LOBSITZ v. UNITED STATES. (Circuit Court, S. D. New York. May 22, 1896.)
CUSTOMS l)UTIES-CLASSIFICATION-CAMEL'S HAIR
Camel's hair noils, being the short hall' of the camel, obtained by combing, were dutiable as nolls, under paragraph 388 of the act of October 1, 1890, and not as camel's hall' of the second class, under paragraphs 377 and 384, or as waste, under paragraph 472.
This was an appeal by S. Lobsitz from a decision of the board of appraisers as to the classification for duty of certain merchandise imported by him. Stephen G. Olarke, for importer. Henry O. Platt, Asst. U. S. Atty. TOWNSEND, District Judge. The articles in question are camel's hair noils. They were classified for duty under paragraph 388 of the act of 1890, which is as follows:
"388. On nolls, shoddy, top waste, slubbing waste, roving waste, yarn waste, garnetted waste and all other wastes composed wholly or in part of wool, the duty shall be thirty cents. per pound."
The importer protested, claiming that they are dutiable as camel's hair of the second class, under paragraphs 377 and 384 of said act, or as waste, under paragraph 472. The latter claim was not pressed on the argument. It is clear that the article in question is not waste. Standard Varnish Works v. U. 8., 8 O. O. A. 178, 59 Fed. 456 i Patton v. U. S., 16 Sup. Ot. 89. The single question in the case is whether the clause of paragraph 388, "composed of wool," refers to these noils. It appears from paragraph 375 that Schedule K treats generally of wools, hair of the camel, etc. It is further relevant as bearing upon this question that the provisions for noils and for articles made from camel's hair both appear for the first time in this tariff act. A "noil" means the short hair of the camel or sheep, obtained by combing. In the latter the short fibers are the inferior product; in the former, the short hairs are the superior product. . In view of the decision of the supreme corurt in Robertson v. Salomon, 144.U. S. 603, 12 Sup. Ot. 752, as interpreted by the circuit court of appeals in Lowentnal v. U. S., 18 n O. A. 299, 71 Fed. 692, it is doubtful whether the qualifying clause would in any case relate back tc the word "nails." In this case, however, as camel's hair noils are not a waste, and as congress has carefully enumerated various kinds of woolen waste, and has limited the qualifying phrase, "composed of wool," to other wastes only, it would seem that it did not intend to include camel's hair nails therein. The designation under paragraph 388 of "noils," or the 3hort hair of the camel produced by combing, is more specific than the general designation of camel's hair. If, as is contended by counsel for the importer, congress only intended to include in said paragraph such noils as are in fact waste, and therefore only noils from the wool of the
LONG V. POPE MANUF'G CO.
sheep, yet the precise language used does not permit of this construction. The word "noils" includes noils of camel's hair. Such noils are not waste. Therefore the language, "all other wastes," does not cover camel's hair. The decision of the board of general appraisers is affirmed.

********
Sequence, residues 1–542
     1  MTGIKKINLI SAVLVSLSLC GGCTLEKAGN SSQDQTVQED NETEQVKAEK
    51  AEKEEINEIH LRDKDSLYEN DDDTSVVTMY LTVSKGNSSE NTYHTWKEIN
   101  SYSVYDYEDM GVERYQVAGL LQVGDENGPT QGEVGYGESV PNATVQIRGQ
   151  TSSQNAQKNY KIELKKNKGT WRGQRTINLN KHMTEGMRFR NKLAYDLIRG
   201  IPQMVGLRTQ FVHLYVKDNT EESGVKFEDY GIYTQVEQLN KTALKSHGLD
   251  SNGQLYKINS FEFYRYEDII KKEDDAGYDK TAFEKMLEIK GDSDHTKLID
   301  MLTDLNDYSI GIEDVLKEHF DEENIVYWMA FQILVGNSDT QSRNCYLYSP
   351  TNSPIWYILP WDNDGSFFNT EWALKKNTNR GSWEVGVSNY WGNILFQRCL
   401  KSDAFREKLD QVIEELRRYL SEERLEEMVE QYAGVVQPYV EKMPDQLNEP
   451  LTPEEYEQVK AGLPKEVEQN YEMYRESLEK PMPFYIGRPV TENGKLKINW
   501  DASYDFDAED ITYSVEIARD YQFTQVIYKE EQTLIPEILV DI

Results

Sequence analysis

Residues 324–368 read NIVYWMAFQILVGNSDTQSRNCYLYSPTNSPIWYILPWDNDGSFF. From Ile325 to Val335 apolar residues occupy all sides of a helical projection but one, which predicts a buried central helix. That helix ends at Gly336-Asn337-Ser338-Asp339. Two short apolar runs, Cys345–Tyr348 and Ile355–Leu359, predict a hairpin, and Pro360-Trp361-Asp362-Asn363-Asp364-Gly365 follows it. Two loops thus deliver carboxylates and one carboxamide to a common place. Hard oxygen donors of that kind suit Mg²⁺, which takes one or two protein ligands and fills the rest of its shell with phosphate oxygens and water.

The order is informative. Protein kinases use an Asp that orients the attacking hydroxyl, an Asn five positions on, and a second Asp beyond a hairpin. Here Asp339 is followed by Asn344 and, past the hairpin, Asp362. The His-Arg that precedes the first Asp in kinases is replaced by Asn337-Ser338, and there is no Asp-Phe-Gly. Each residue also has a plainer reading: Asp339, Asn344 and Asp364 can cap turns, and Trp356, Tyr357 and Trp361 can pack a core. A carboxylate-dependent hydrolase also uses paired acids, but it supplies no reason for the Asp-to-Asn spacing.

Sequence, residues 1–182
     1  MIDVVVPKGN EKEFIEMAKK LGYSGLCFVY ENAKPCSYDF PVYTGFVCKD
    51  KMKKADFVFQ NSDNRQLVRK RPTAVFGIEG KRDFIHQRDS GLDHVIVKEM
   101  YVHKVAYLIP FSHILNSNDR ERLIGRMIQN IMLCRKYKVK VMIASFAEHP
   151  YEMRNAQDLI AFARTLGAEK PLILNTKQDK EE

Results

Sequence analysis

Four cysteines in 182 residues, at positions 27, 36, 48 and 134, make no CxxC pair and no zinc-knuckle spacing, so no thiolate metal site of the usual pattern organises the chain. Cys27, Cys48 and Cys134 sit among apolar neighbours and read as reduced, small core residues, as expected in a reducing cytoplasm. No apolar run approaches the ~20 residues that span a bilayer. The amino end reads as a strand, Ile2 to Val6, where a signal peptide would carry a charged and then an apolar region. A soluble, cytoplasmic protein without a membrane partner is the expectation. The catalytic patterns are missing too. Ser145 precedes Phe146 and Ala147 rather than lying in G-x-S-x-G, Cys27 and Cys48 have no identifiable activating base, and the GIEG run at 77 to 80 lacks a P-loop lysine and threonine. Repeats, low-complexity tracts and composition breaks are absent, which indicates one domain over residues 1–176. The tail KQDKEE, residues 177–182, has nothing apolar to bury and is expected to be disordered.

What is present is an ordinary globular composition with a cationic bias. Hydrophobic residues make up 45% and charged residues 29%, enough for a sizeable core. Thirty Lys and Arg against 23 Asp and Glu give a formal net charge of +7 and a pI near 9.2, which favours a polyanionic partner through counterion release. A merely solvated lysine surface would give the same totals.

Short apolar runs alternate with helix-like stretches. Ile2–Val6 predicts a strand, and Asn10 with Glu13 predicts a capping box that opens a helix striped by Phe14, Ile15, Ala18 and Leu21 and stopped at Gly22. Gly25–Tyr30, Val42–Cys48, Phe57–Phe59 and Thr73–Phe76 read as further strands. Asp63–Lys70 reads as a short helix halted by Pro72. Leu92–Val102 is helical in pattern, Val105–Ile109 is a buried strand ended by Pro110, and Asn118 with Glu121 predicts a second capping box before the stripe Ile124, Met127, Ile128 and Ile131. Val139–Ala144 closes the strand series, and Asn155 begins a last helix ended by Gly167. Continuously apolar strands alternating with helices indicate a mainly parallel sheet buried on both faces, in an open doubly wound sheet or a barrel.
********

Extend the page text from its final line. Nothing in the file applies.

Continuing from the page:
LONG et al. v. POPE MANUF'G CO.l
(Circuit Court of App als, First Circuit. No. 172.
JUly 14, lB96.)
PATENTS-INTERPRETATION OJ!' CI,AIMS-FuNCTIONS NOT MENTIONED.
The fact that the inventor claims only certain functions for his invention wlll not prevent him from reaping the advantage of any other function within the claims as properly construed, available without a modification of the machine which involves the use of further inventive faculty, whether known to him and omitted from the spec11ications without fraud, or not known to him.
But so much of the mere form given in the specification, drawings, and claim as is necessary to the accompllshment of all the functions expressly enumerated is essential, and must be retained. A function afterwards discovered cannot be used to broaden the claim, and is available only when the patent, construed in the light of the circumstances existing when It was applled for, is broad enough to cover it.
It would establish a dangerous precedent to give to a mere paper patent, which has lain dormant for years, a breadth not contemplated on its face, by reason of some new function discovered long after Its Issue, and after that function had been avaHed of In practice by others.
4. SAME-ROAD VEHICLES.
The Long patent, No. 281,091, for an improved steering head for road attlrmed. vehicles, construed, and held not infringed. 70 Fed.
Appeal from the Oircuit Oourt of the United States for the Dili1trict of Massachusetts. This was a suit in equity by George A. Long and others against the Pope Manufacturing Oompany for alleged infringement of letters patent No. 281,091, issued July 10, 1883, to George A. Long, for an improved steering head for road vehicles. The circuit court held that there was no infringement, and dismissed the bill. 70 Fed. 855. The complainants appeal. Jas. E. Maynadier, for appellants. Wm. A. Redding and Edmund Wetmore, for appellee. Before OOLT and PUTNAM, Circuit Judges, and NELSON, District Judge. PUTNAM, Oircuit Judge. This patent was taken out in 1882, and, so far as it comes in issue here, it has not been put into prac1
Rehearing denied August 17, 1896.